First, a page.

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Usability analysis: Six quick and dirty user-focused design methods resulting in better user satisfaction and cost savings

Thursday, October 11, 2012 — Poster Session IV

2:00 p.m. – 4:00 p.m.

Natcher Conference Center, Building 45




  • S. M. Ward
  • D. A. Bennett
  • L. R. Long
  • G. R. Thoma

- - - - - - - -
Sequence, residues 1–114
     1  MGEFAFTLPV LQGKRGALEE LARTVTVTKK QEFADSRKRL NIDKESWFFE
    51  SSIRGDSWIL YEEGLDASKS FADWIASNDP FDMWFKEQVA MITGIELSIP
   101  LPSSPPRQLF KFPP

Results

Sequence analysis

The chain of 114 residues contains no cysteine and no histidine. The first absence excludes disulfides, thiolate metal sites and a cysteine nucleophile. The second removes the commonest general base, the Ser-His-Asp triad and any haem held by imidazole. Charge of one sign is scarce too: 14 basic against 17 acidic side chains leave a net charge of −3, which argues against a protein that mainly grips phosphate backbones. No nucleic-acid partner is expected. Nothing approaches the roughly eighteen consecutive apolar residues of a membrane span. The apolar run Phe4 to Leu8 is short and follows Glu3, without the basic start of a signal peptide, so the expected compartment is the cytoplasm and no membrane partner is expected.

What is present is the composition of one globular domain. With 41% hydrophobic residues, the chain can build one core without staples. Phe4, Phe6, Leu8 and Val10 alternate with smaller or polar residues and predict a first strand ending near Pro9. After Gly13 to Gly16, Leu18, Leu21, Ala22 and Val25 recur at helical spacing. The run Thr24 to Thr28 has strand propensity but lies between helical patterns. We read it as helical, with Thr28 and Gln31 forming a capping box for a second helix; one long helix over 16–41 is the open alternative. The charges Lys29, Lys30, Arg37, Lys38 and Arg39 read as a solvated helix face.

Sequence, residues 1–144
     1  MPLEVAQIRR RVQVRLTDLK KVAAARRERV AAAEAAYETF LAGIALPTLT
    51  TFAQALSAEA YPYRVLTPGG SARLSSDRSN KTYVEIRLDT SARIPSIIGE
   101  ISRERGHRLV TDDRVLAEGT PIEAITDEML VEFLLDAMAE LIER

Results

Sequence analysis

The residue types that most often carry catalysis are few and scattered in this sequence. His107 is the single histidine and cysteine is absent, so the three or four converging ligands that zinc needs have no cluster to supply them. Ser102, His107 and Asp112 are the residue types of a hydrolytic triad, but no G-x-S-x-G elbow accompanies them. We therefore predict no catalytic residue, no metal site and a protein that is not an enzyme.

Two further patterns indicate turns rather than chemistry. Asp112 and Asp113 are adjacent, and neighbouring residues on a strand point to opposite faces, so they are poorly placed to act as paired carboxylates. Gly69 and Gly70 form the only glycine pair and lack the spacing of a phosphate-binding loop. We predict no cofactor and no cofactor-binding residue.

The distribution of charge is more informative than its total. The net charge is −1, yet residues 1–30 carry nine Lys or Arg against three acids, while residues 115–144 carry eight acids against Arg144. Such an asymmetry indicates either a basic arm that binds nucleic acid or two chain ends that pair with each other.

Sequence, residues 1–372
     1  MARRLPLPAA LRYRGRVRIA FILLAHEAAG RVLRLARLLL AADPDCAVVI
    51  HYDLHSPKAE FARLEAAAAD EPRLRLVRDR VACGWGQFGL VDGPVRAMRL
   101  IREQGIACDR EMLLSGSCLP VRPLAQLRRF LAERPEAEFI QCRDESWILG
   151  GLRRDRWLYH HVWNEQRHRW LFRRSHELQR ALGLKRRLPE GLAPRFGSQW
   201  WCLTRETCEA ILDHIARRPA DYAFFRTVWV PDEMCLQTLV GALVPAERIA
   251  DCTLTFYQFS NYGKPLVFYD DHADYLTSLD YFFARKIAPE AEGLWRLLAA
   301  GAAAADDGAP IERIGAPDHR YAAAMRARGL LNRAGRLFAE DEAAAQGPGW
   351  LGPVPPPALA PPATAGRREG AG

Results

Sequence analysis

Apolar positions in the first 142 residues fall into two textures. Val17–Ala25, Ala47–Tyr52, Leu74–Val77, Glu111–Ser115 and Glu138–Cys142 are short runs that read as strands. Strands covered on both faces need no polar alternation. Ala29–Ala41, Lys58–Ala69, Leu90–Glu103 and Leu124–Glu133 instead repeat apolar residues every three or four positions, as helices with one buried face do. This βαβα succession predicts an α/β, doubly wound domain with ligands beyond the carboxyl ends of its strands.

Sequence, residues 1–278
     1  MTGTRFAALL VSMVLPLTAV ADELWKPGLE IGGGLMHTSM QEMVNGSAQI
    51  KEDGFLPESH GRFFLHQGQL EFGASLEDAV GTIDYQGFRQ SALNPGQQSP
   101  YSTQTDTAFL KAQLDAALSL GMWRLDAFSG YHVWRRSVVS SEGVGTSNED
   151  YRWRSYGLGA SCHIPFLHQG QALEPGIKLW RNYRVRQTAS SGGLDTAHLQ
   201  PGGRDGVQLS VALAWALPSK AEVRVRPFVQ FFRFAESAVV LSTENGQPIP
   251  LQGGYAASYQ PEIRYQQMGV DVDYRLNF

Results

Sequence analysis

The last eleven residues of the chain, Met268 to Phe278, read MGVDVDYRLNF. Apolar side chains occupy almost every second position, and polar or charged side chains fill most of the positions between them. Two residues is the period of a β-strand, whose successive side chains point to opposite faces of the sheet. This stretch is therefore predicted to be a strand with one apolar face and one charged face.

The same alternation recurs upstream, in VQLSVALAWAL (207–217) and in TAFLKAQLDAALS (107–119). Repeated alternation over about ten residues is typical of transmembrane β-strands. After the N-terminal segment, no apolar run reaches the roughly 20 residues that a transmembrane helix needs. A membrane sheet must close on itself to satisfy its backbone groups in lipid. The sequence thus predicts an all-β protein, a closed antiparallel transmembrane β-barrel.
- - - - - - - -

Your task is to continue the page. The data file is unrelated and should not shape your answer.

As part of its mission, the Lister Hill National Center for Biomedical Communications (LHNCBC), a research and development division of the National Library of Medicine (NLM), develops and supports a number of information systems. We have implemented several methods to engineer usability into our projects, to ensure that our development efforts meet the actual needs of users, and to realize cost savings during the development process. These include: 1) establishing a low cost, portable usability lab, 2) low-fidelity ad-hoc prototyping, 3) involving user advocates early in the design process, 4) no-cost participant recruiting methods, 5) tactical outreach to target audiences, and 6) observing actual use by the development team. These techniques have helped us gain insight into the needs of our users, reduce development costs, avoid the implementation of unnecessary features and functions, expedite design decisions, and increase usage and user satisfaction. We may be contacted for additional information or to discuss potential projects at:

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